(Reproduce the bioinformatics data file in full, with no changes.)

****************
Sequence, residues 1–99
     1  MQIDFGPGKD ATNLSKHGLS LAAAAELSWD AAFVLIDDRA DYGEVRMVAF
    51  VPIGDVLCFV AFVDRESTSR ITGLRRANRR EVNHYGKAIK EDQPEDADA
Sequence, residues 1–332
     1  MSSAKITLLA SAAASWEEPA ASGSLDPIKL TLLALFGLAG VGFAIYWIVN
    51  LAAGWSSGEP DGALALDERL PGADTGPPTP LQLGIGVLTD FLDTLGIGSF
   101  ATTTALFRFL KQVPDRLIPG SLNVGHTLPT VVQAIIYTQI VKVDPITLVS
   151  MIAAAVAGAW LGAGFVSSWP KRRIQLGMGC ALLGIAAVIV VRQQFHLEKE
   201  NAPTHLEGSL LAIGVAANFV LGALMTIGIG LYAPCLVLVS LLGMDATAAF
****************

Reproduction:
Sequence, residues 1–99
     1  MQIDFGPGKD ATNLSKHGLS LAAAAELSWD AAFVLIDDRA DYGEVRMVAF
    51  VPIGDVLCFV AFVDRESTSR ITGLRRANRR EVNHYGKAIK EDQPEDADA
Sequence, residues 1–332
     1  MSSAKITLLA SAAASWEEPA ASGSLDPIKL TLLALFGLAG VGFAIYWIVN
    51  LAAGWSSGEP DGALALDERL PGADTGPPTP LQLGIGVLTD FLDTLGIGSF
   101  ATTTALFRFL KQVPDRLIPG SLNVGHTLPT VVQAIIYTQI VKVDPITLVS
   151  MIAAAVAGAW LGAGFVSSWP KRRIQLGMGC ALLGIAAVIV VRQQFHLEKE
   201  NAPTHLEGSL LAIGVAANFV LGALMTIGIG LYAPCLVLVS LLGMDATAAF